Marcus and Doro were part of a left-wing commune from the late 1960s until the early 1990s: lentils, free love, spliffs, radical politics, cheesecloth blouses, sex, housework and cooking rotas, crochet, allotments. Their children have grown up rather different from them: primary schoolteacher Clara craves order and clean bathrooms, son Serge is pretending to his parents that is still doing a Maths Ph.d. at Cambridge, while in fact making loadsamoney in the City; third child Oolie Anna, who has Down's Syndrome, is desperate to escape home and live on her own. Once the truth starts breaking through, who knows what further secrets will be revealed about any of them? Set half in Doncaster, half in London, this is a very funny riff on modern values, featuring hamsters, cockroaches, poodles, a chicken and multiplying rabbits, told by Marina Lewycka in her unique and brilliant combination of irony, farce and wit.
I am in the last quarter of this book. I listen to books while walking the dog for about an hour each day. I have always enjoyed Marina Lewycka's books. The story jumps from one character to another and often back into the past when the characters were young. She is as funny an ever and sometimes people must wonder why I am laughing as I walk! Some books I can't wait to hear what happens next - but not with this book - it is what I call leisurely listening (reading). The narrator is excellent.
Took me a bit of time to get into this book. But stuck with it and enjoyed it greatly in the end. Quite a different story going on with lots of characters dipping in and out. Nicely told. And sad in its way.
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Not Marina Lewycka's best - that remains 'A short history of tractors in Ukranian', where all new readers should start - but still an enjoyable romp through through the last forty years or so. The characters are great: the parents - Doro and Marcus who spent much of their life in a commune; their children - Clara, the conscientious school-teacher, Serge, the gullible Maths Ph,D. who drifts into the City, and Oolie with Down's Syndrome, who longs for independence for her over-protective mum. Don't expect great depth from the characters - as in Dickens, they are designed to illustrate social situations, drive the story, and provide opportunities for great dialogue. Don't expect too much from the social commentary either - it's a wry and gentle poking of fun at the delusions of 1980s Marxism, the naivety of youth, the amoral absurdity of modern investment banking, the ageing process, and the nature of relationships, which ocassionally reaches the level of laugh-out load farce. As someone of Doro and Marcus's generation, I enjoyed it, but I've no idea how other generations would find it. A perfect book for Radio Four listeners.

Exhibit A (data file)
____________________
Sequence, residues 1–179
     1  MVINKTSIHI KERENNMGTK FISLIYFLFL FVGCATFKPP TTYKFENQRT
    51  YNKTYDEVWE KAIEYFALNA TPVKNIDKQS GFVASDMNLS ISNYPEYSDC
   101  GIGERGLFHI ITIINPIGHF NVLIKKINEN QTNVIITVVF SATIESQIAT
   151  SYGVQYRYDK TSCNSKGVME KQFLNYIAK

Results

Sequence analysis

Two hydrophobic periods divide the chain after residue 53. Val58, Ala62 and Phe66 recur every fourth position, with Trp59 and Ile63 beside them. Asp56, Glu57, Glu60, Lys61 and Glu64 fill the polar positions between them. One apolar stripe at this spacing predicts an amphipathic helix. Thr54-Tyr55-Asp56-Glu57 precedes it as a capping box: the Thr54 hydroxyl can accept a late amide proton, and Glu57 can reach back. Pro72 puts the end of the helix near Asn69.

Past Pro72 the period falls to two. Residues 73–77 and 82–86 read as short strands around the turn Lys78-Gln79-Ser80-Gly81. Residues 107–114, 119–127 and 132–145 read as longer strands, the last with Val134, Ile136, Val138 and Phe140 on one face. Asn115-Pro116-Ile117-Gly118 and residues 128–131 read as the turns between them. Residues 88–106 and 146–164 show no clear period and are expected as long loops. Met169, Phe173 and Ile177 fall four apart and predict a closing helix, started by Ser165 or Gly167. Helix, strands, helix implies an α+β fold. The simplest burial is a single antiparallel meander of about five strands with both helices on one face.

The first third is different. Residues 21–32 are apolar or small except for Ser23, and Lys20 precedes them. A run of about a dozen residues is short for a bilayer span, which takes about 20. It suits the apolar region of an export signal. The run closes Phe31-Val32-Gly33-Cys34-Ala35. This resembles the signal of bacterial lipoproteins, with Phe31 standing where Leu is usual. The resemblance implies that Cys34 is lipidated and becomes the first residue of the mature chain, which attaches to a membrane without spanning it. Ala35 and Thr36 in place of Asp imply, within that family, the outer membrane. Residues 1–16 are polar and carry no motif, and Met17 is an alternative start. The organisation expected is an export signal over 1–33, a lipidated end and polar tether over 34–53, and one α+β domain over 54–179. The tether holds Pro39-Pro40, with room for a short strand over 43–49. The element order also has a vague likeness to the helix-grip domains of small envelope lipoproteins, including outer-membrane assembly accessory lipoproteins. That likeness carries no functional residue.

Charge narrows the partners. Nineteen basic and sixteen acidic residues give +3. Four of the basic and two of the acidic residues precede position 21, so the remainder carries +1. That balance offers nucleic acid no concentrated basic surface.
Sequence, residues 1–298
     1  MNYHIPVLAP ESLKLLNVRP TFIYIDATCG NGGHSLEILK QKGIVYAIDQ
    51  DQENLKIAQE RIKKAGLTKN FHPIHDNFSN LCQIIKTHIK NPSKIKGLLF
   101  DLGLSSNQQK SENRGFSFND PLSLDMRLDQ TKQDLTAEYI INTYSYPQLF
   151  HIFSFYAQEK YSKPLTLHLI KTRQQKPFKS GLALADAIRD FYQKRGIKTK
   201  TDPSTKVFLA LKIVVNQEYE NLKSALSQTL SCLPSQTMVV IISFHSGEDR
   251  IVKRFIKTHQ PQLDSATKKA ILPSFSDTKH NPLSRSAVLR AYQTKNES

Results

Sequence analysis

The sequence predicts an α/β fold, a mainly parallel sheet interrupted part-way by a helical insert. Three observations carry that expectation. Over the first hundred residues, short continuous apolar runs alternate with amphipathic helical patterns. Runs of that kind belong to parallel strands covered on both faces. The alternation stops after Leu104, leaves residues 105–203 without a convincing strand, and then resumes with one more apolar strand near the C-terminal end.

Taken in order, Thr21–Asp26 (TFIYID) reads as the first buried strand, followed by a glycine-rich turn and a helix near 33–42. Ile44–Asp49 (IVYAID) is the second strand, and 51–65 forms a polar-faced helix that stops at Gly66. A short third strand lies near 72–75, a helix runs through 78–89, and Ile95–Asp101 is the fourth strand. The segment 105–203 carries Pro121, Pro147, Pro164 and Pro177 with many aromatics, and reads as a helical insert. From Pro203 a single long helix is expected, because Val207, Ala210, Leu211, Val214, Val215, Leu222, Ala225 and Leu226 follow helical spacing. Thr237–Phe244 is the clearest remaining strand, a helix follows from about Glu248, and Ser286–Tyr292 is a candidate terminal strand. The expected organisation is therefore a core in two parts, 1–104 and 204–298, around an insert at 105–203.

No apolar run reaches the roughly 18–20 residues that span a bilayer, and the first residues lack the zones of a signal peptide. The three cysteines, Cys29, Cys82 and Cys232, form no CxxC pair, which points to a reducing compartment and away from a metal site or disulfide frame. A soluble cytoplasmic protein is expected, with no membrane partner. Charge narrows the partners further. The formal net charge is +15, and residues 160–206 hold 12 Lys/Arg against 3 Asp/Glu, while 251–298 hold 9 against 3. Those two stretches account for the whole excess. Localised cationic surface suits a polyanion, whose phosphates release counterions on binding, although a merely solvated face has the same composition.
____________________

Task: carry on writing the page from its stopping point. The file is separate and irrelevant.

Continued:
After enjoying Marina Lewycka's previous novels, and anticipating that an audio experience would be even more enjoyable than reading, I was thoroughly disappointed with this book. It's not the narrator's fault - just that the story is dull and the characters trite and 2-dimensional. What a shame when Tractors, Caravans etc were all so enjoyable and well observed - light reads that were more substantial than your average aeroplane novel.
Any additional comments?
This was a good, amusing story with some great characters. I particularly liked Oolie Anna.